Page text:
Not All Parents Put Babies to Sleep on Back
Study Shows Advice on SIDS Prevention Isn't Being Heeded
WebMD News Archive
Dec. 7, 2009 -- Despite warnings that it is safest to place a baby to sleep on his or her back, the number of caregivers doing so has not increased in recent years, according to a new report.
The National Institute of Child Health and Human Development's "Back to Sleep" campaign began in 1994 after compelling evidence showed that babies who slept on their backs had a much lower risk for sudden infant death syndrome (SIDS). In the U.S., SIDS is the No. 1 cause of death in children under age 1.
Since the campaign began, the number of babies being put to sleep on their backs jumped from 25% to 70%. But the number of caregivers heeding the advice has not changed since 2001, say Yale School of Medicine researchers.
The researchers looked at how 15,000 caregivers positioned their babies to sleep since the campaign launch, using information from the National Infant Sleep Position Study, an annual telephone survey of about 1,000 households with infants. The survey asks nighttime caregivers of babies 7 months old and younger: "Do you have a position you usually place your baby in?"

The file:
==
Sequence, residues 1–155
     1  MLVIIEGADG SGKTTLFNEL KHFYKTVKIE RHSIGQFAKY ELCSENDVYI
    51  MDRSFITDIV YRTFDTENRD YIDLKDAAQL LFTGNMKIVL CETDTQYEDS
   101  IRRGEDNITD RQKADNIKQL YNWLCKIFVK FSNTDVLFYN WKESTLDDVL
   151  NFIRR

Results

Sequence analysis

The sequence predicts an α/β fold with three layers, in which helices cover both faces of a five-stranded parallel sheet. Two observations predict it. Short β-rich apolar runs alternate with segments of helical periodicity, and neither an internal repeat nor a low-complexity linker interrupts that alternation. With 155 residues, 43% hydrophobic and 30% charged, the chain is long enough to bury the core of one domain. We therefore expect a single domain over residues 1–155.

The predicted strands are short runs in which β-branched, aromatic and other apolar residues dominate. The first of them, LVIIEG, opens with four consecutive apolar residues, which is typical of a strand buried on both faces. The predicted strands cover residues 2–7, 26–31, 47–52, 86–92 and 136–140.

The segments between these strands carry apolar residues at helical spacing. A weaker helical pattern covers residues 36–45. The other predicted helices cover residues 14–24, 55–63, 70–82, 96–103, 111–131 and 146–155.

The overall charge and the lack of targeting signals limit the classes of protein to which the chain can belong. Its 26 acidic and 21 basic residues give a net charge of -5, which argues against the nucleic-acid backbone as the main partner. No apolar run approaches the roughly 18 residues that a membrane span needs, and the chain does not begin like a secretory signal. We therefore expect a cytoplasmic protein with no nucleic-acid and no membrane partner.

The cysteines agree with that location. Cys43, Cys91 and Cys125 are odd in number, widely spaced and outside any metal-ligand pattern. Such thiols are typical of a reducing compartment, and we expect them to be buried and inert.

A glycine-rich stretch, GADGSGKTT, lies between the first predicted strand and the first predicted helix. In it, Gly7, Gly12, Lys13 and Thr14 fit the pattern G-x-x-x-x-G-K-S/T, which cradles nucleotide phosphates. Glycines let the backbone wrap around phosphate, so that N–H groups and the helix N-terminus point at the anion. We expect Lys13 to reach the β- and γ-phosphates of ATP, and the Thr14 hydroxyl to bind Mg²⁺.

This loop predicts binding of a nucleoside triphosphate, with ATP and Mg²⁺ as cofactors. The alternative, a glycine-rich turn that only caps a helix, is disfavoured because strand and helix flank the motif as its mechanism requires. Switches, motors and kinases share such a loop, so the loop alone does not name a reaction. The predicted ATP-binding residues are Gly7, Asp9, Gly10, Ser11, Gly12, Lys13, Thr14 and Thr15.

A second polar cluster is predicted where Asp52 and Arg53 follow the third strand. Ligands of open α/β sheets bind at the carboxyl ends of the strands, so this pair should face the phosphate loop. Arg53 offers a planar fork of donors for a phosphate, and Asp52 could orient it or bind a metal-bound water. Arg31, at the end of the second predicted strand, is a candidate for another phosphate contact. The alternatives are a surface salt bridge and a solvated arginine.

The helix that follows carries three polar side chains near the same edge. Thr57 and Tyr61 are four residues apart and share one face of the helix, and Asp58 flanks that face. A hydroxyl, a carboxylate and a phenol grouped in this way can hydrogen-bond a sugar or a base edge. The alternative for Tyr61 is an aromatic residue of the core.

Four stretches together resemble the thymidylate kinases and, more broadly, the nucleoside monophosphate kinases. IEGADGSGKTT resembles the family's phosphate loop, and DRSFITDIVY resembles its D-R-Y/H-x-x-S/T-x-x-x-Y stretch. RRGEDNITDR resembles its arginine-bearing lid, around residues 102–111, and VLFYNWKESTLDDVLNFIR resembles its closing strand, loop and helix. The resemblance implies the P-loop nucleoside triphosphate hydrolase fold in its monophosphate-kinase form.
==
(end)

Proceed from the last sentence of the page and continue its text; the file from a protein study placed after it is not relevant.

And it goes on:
The study also revealed a racial disparity in sleeping positions. "We ... found that African Americans still lag behind caregivers of other races by about 20 percent in following this practice," Eve Colson, MD, associate professor of pediatrics at Yale School of Medicine, says in a news release.
Choosing Sleep Positions
Colson and her team recently identified three key factors associated with a caregiver's choice of an infant's sleeping position:
- Whether the caregiver was told by a doctor to place the baby to sleep on the back
- Concerns for the baby's comfort
- Fear of the infant choking while sleeping
While a third of the caregivers surveyed said their doctor did recommend putting their babies to sleep on the back, others said they either were given other advice or did not receive a recommendation at all.
More than a third of those surveyed said they didn't think the baby would be comfortable sleeping on his or her back. Those who did not bring up this concern were four times more likely to follow the Back to Sleep guidelines.